As nice as our 351W street/strip built engine (not 351C) runs, I am now actually tempted to bite the bullet and install an EEC-V system while also swapping the AOD with a much more adaptable/programmable 4R70W OD tranny. The AOD gear ratios work really nicely with our 3.5:11 TractionLok rear axle, so I will check on the gear ratios on an 4R70W to make sure they are the same or really close to the AOD ratios. I would not a litle lower 1st gear ratio to get even more off-the-line launch performance, just because. It is not really needed, but it would provide one more excuse to make this move...

I must say that not only do I love this hobby, and thoroughly enjoy having the time and resources to tinker like this, but I also immensely enjoy reading, and writing, different suggestions in how to have ever more fun working on our vintage ponies...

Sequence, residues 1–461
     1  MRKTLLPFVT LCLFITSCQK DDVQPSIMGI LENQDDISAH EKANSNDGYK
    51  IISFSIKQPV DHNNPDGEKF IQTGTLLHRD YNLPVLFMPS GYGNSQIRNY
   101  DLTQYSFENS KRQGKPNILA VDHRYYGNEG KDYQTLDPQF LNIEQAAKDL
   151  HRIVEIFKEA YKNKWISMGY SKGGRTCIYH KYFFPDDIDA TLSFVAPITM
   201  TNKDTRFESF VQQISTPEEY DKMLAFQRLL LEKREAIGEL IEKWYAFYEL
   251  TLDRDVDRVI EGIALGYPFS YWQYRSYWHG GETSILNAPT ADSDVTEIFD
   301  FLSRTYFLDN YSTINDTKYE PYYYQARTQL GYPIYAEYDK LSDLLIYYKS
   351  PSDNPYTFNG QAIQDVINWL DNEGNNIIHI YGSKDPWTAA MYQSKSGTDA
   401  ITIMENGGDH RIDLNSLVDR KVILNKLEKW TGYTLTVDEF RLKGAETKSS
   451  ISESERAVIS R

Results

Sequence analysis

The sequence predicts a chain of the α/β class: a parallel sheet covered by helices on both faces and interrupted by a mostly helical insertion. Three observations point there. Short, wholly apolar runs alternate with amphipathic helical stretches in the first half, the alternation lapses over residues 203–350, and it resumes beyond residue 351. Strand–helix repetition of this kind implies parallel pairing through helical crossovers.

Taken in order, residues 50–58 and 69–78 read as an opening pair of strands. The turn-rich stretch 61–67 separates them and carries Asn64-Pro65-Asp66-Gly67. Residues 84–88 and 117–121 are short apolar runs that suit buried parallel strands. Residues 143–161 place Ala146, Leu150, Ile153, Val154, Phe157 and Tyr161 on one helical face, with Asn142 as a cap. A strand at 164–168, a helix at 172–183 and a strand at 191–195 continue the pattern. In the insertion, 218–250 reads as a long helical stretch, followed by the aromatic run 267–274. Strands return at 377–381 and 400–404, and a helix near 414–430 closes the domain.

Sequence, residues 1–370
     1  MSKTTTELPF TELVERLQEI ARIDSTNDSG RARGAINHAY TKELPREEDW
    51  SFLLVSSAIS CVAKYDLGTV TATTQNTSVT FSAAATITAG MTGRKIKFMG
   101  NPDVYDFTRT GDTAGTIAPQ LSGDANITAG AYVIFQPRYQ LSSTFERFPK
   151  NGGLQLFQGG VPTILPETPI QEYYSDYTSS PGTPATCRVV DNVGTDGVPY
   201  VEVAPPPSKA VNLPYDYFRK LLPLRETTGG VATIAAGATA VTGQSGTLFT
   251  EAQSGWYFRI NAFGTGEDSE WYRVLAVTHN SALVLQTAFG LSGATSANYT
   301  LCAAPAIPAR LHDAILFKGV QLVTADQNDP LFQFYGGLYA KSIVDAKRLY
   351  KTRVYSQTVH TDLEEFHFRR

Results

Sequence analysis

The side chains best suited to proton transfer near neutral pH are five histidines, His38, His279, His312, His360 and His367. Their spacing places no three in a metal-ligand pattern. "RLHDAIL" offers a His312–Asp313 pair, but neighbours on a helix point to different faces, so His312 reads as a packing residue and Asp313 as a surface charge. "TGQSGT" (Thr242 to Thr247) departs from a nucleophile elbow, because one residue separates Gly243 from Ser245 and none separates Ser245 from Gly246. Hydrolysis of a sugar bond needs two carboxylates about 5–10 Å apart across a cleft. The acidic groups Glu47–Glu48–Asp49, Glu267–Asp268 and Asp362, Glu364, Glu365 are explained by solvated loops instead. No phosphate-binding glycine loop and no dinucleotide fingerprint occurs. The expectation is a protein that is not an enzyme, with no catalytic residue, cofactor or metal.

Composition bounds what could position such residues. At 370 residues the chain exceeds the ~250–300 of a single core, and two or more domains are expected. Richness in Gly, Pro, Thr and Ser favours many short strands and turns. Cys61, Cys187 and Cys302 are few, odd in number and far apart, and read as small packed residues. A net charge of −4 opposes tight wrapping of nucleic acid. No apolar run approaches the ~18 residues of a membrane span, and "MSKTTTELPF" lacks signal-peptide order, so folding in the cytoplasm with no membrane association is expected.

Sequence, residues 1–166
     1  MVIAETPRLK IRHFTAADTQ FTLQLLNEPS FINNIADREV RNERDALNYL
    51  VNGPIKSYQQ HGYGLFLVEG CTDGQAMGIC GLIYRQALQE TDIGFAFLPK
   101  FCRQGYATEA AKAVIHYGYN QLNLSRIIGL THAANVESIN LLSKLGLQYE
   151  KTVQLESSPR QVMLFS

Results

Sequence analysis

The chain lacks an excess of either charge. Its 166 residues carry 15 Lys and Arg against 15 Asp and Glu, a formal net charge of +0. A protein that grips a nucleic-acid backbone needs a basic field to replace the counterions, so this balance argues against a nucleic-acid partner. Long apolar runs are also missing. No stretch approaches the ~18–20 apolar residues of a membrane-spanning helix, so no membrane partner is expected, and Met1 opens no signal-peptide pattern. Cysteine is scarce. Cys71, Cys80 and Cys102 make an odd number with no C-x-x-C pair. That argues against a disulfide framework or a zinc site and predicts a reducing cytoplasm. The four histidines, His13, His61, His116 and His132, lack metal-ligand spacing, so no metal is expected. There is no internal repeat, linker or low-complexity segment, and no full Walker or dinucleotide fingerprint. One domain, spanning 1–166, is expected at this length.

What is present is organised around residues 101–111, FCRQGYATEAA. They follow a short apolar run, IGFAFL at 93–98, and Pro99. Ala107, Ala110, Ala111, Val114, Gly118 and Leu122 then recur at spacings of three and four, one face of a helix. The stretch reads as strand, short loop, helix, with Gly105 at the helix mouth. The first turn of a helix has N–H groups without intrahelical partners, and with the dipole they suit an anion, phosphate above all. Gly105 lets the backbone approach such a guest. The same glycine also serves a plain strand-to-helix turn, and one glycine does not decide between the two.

Aces, I hope you are pleased with yourself. My mind is performing at warp drive speed as I ponder moving to an EEC-V system on our 1973 Mach 1 also. Blast it! I finally have it running so nicely, then you come along and share some really sensible information... heh heh... Now I am finding myself digging up all kinds of information on an EEC-V conversion. One question comes up time and again in my mind. Did you set your EEC-V retrofit system in a manner where you can connect OBD-II test equipment?

Another question, do you know the CFP rating of the EEC-V system at wide open throttle? I am running a vacuum secondary Holley now, and at higher RPMs at WOT I can both hear and feel the secondaries opening as the demand for more fuel and air increases while the RPMs are going up. I hope to not end up limiting the incoming CFM potential when moving to the EEC-V system.

Ciao!

Gil